Farmers Planting More Corn This Year

The Associated Press
Friday, January 19, 2007; 5:40 AM

TOLEDO, Ohio -- Growing cotton is a family tradition on Webb Bozeman's farm in central Mississippi. But not this year.

Inspired by soaring demand for corn to feed the growing ethanol industry, Bozeman is joining a large number of farmers across the country who will plant corn instead of soybeans, wheat and cotton.

Some in the Midwest are ending their longtime practice of rotating plantings of soybeans one year and corn the next, opting to grow corn in consecutive years. Livestock farmers are turning pastures into cornfields.

"We have farmers half-joking about planting corn in their front yards," said Matt Roberts, an agricultural economist at Ohio State University. "A lot of farmers see this as an opportunity to have a very good year."

Prices for corn are up to $3.40 a bushel and projected to approach $4, reaching highs not seen in the last decade. At least 6 million to 8 million more acres of corn will be needed to supply ethanol plants, analysts say.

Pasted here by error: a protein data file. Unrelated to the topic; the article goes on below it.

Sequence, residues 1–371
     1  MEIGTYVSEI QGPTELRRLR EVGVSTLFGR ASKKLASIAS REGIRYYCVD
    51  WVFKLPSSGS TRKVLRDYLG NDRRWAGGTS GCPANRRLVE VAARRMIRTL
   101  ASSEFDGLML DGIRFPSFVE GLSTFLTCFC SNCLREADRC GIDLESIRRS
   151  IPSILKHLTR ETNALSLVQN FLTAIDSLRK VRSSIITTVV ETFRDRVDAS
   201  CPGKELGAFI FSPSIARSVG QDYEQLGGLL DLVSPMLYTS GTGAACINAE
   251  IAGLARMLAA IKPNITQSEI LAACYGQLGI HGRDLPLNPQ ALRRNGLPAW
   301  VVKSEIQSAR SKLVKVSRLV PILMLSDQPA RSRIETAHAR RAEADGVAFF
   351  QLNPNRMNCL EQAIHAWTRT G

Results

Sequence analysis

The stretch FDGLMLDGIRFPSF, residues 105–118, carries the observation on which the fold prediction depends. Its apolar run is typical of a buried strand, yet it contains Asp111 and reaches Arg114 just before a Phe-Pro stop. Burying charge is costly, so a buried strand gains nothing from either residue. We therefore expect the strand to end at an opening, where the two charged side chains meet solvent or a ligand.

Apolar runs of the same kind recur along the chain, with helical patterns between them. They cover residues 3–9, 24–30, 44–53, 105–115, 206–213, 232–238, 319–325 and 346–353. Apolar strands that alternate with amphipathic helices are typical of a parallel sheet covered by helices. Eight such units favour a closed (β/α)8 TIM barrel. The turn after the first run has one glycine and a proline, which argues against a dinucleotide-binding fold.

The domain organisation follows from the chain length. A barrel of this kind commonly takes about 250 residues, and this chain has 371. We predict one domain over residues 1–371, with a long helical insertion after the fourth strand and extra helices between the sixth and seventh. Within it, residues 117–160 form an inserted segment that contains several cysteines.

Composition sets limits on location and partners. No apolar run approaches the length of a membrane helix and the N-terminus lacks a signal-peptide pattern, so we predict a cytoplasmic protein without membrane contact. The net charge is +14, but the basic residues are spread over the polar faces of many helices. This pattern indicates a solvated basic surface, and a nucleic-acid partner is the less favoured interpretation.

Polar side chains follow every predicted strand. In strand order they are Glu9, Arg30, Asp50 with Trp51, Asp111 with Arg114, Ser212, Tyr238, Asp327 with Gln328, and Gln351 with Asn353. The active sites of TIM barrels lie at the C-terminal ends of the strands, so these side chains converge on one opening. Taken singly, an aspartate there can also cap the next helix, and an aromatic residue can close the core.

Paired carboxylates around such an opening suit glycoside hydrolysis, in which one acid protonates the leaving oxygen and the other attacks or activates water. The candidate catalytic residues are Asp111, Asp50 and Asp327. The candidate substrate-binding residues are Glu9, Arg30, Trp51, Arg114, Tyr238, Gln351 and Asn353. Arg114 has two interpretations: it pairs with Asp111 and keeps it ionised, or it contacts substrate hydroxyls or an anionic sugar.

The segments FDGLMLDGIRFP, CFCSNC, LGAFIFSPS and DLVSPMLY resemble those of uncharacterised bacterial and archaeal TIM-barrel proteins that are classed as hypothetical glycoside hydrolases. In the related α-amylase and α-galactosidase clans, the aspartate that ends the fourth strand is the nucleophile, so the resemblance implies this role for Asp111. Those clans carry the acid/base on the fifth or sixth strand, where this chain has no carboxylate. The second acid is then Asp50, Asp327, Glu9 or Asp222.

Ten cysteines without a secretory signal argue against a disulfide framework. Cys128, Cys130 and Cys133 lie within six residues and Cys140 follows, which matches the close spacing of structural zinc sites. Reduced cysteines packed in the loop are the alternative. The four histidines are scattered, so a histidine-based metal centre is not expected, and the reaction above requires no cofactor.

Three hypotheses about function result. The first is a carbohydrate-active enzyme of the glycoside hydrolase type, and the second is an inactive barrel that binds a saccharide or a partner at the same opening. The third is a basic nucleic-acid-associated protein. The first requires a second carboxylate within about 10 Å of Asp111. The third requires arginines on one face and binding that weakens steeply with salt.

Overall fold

Ethanol production is expected to double as new plants are being built to turn corn into the gasoline additive, from around 5 billion gallons now to 11 billion gallons, according to industry estimates.

Private investments in ethanol plants have soared in the last year as government leaders have called for more production of renewable fuels.

That made the decision to go with corn easy, said Bozeman, who will plant about 3,500 acres on his farm near Flora where his father and grandfather have grown cotton for years.

"Mississippi is not known for its grain production; it's a cotton state," he said. "But if tradition isn't profitable, you've got to change it."

Farmers in the Midwest may be able to make $50 more per acre by going with corn instead soybeans, Roberts said. "That's a tremendous difference," he said. "We have a lot of operators who are going to remove soybeans from their rotation."

Farmers considering planting continuous years of corn could face pest problems and increased costs for fertilizer and seed, said Bruce Erickson, a Purdue University agricultural economist.

And those fields tend to produce less each year. That's why most farmers rotate their crops to maintain nutrients in the soil and stop insects and weeds.

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